Observational Learning - Self-observation Can Be Detrimental to Learning

Luc Proteau, Mathieu Andrieux


Observation of a model who is performing a motor skill improves naïve observers’ learning of that skill. The aim of the present study was to determine whether self-observation or a combination of expert and self-observation would promote learning better than observation of an expert model and a “generic” novice model. Such a scenario could be the case because self-observation would underline errors that are specific to oneself, whereas the combination of expert and self-observation would have the additional benefit of allowing the learner to determine what to do to improve his or her performance. The task that we chose required that the participants change the relative timing pattern that naturally emerged from the task constraints to a new imposed pattern of relative timing. The 100 participants were randomly assigned to one of five groups: control (C), physical practice (PP), expert and “generic” novice observation (EGO), expert and self-observation (ESO), and self-observation (SO). Learning was evaluated by contrasting the performance of the participants in a pre-test that preceded physical practice or observation and in two retention tests (10-min and 24-hour). A preliminary analysis of the individual data revealed two patterns of results depending on the initial level of performance of the participants in the pre-test. The results indicate that if physical practice is not possible (e.g., because of lack of material or injury) or not advisable (e.g., when there is an element of danger), observation is a powerful learning tool with novices whose performance largely departs from the desired relative timing pattern. Our results also suggest that mixed observation of either oneself or a generic novice model combined with that of an expert model provides better learning than self-observation. Therefore, it appears that a mixed protocol of observation, which allows one to compare and contrast the performance of a novice to that of an expert, should be favored.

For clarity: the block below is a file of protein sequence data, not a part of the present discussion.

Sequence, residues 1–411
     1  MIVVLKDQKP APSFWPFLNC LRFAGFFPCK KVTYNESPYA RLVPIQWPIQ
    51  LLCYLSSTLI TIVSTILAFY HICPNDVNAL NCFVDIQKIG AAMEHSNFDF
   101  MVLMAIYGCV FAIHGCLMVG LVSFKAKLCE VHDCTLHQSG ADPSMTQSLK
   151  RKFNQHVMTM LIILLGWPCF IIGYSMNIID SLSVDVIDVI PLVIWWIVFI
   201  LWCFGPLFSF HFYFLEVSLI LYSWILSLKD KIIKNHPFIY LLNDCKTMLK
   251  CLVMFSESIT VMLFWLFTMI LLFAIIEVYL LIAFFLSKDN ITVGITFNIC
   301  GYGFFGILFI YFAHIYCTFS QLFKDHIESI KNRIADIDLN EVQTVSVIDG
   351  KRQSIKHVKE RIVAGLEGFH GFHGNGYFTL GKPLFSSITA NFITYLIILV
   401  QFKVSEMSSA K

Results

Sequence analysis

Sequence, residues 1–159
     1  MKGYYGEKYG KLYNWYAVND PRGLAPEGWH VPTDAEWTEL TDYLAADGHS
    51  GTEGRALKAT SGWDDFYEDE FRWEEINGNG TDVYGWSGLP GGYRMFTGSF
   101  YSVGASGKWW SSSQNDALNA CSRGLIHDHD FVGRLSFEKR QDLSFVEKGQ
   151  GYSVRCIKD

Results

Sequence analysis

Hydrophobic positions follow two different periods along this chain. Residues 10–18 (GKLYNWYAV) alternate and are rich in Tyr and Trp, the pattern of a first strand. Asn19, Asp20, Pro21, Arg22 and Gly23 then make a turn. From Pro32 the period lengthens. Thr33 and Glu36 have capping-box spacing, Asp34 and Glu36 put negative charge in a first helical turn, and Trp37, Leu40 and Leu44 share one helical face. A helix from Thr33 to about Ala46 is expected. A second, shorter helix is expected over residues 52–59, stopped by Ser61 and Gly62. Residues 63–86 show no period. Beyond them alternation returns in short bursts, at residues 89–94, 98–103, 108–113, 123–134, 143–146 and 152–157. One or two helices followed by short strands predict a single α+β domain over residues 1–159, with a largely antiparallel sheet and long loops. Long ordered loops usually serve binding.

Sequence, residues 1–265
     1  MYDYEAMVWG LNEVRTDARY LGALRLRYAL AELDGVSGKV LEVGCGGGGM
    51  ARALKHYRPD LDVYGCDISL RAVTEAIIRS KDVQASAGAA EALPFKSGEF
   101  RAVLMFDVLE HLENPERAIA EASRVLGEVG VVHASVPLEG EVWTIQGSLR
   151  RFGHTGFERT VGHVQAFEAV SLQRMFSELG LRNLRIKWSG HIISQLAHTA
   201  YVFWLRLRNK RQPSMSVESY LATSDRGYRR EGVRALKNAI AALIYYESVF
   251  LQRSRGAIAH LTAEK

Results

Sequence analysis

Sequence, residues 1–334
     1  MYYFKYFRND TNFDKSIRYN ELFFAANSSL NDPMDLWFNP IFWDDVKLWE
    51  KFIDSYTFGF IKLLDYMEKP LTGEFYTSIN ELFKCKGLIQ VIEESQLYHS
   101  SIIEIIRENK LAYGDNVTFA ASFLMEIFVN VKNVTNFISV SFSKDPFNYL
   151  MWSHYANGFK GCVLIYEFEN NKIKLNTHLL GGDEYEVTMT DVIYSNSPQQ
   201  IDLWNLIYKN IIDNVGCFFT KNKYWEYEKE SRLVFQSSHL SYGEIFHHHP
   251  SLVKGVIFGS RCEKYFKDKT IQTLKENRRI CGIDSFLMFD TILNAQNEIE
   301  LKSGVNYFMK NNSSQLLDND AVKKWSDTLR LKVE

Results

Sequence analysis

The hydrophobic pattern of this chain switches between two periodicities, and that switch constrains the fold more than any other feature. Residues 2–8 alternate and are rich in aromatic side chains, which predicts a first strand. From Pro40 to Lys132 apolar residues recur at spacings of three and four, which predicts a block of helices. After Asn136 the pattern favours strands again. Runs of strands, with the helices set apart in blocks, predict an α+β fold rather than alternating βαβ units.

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Paper Citation

in Harvard Style

Proteau L. and Andrieux M. (2015). Observational Learning - Self-observation Can Be Detrimental to Learning . In - icSPORTS, ISBN , pages 0-0

in Bibtex Style

author={Luc Proteau and Mathieu Andrieux},
title={Observational Learning - Self-observation Can Be Detrimental to Learning},
booktitle={ - icSPORTS,},

in EndNote Style

JO - - icSPORTS,
TI - Observational Learning - Self-observation Can Be Detrimental to Learning
SN -
AU - Proteau L.
AU - Andrieux M.
PY - 2015
SP - 0
EP - 0
DO -